In contrast, cannabis consumption was not associated with the COMT Val158Met polymorphism according to Gutiérrez and colleagues (2009). However, for female regular cannabis users, the psychosis risk was highest when they were also homozygous carriers of the Val allele. Importantly, this seemingly dose-dependent interaction between cannabis consumption, risk for psychosis, and carrying the Val allele in females was not significant [65]. Similarly, Zammit et al. concluded from their 2011 study that there was no evidence of an interaction between cannabis use and six COMT single nucleotide polymorphisms (SNPs) in the risk of developing psychotic symptoms [66]. In accordance with these findings, a 2015 study on the rs4680 SNP in a Pakistani population concluded that there was no association between cannabis use and the polymorphism in schizophrenia [67]. Mané and colleagues (2017) studied the interaction between COMT and cannabis use with respect to FEP. They reported that early cannabis use and the presence of the COMT Val158Met polymorphism were not significantly associated with an earlier onset of psychosis [68]. Another study published in 2017 by Lodhi and colleagues failed to demonstrate a significant moderating effect of the COMT genotype on the age of psychosis onset in cannabis users that initiated use before 20 years of age (P = 0.051) [69].
In the last decade, four other genes related to cannabis use and psychosis have been examined, namely, NOS1AP, DRD2, BDNF, and FAAH. First, Husted et al. (2012) demonstrated that the presence of the NOS1AP risk of the schizophrenia genotype did not influence schizophrenia expression associated with cannabis use [70]. Colizzi and colleagues (2015) investigated the dopamine receptor D2 (DRD2) genotype rs1076560 locus and found that cannabis-using carriers of the T-allele had a three-fold increase in the odds of psychosis compared to GG carriers (OR = 3.07; 95% CI 1.22–7.63). Among daily cannabis users, T carriers showed a five-fold increased odds of psychosis (OR = 4.82; 95% CI 1.39–16.71) [71]. The presence of the Met allele on the brain-derived neurotrophic factor (BDNF) gene Val66Met polymorphism was not associated with early cannabis use according to a 2017 study by Mané et al. [68]. Bioque et al. (2019) found that T/T carriers of the Fatty Acid Amide Hydrolase (FAAH) rs2295633 SNP (encoding the FAAH enzyme which is involved in the reuptake and degradation of endogenous cannabinoid ligands) had a ten-fold increased probability of presenting with FEP (OR = 10.36, statistical power 0.78), if they used cannabis frequently [72].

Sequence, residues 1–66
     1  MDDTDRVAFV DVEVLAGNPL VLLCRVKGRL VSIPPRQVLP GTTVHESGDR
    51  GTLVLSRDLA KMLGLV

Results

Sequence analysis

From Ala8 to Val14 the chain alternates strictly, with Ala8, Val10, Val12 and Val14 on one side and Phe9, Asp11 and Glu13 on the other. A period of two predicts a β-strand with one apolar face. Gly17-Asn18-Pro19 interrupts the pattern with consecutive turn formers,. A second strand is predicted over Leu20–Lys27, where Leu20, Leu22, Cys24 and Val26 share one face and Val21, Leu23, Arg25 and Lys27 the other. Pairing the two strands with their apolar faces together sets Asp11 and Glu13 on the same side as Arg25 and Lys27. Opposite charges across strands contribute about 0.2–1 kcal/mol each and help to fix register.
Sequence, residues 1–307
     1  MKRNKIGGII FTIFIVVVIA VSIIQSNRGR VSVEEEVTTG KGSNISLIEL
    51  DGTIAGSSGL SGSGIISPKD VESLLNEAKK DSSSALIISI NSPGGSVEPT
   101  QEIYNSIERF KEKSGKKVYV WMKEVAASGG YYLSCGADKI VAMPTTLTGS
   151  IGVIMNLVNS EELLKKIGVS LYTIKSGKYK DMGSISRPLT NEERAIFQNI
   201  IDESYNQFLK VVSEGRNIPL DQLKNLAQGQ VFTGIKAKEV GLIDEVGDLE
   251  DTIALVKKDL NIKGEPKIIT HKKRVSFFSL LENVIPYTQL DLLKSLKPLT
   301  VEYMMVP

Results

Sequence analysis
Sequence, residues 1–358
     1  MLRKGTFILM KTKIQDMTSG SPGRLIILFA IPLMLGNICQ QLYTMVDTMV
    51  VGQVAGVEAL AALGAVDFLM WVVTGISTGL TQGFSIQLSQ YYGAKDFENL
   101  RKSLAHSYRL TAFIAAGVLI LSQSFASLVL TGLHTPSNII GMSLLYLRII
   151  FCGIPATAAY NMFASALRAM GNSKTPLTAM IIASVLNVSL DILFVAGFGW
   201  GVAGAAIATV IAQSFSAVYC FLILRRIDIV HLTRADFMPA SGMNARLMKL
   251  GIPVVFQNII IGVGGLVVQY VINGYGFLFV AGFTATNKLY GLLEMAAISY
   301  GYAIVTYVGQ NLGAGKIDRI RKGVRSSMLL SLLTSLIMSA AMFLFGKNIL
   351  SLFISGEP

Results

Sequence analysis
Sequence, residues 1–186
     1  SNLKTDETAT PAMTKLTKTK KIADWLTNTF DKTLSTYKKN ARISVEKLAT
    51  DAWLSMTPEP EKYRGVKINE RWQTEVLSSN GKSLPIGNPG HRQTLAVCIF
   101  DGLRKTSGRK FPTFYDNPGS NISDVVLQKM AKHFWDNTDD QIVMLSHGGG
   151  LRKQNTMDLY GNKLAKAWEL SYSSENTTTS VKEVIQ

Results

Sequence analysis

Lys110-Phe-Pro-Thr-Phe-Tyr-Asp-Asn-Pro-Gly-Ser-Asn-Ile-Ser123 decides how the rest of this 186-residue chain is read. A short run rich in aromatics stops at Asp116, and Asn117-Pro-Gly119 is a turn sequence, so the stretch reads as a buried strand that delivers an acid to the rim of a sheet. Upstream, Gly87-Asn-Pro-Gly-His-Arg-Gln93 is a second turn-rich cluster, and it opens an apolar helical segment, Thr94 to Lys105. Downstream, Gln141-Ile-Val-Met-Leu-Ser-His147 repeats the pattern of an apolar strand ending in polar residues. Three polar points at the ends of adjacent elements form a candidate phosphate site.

Mendelian Randomization Studies
Mendelian randomization studies use genetic variants or polygenic scores as instrumental variables to control for gene–environment correlation while estimating the association between an exposure and outcome. In the last decade, three Mendelian randomization studies have been performed that have focused on the potential causal relationship between cannabis use and psychosis. First, Gage and colleagues (2017) found some evidence consistent with a causal effect of cannabis initiation on the risk of psychosis (OR = 1.04, 95% CI 1.01–1.07). However, there was strong evidence consistent with a causal effect of psychosis risk on the likelihood of cannabis initiation (OR = 1.10, 95% CI 1.05–1.14) [73]. A second study performed in 2018 by Vaucher et al. demonstrated that the use of cannabis was associated with an increased risk of psychosis (OR for users vs. nonusers of cannabis = 1.37, 95% CI 1.09–1.67), thereby supporting epidemiological studies arguing that the use of cannabis is causally related to psychosis risk [74]. Finally, Pasman and colleagues (2018) replicated the findings of Gage et al. by showing some weak (non-significant) evidence for a causal influence of lifetime cannabis use on psychosis risk (OR = 1.10, 95% CI 0.99–1.21, P = 0.074). They also found stronger evidence for a causal positive influence of psychosis risk on lifetime cannabis use (OR = 1.16, 95% CI 1.06–1.27, P = 0.001) [75]. Overall, Mendelian randomization studies suggest that the association between cannabis and psychosis may be bidirectional.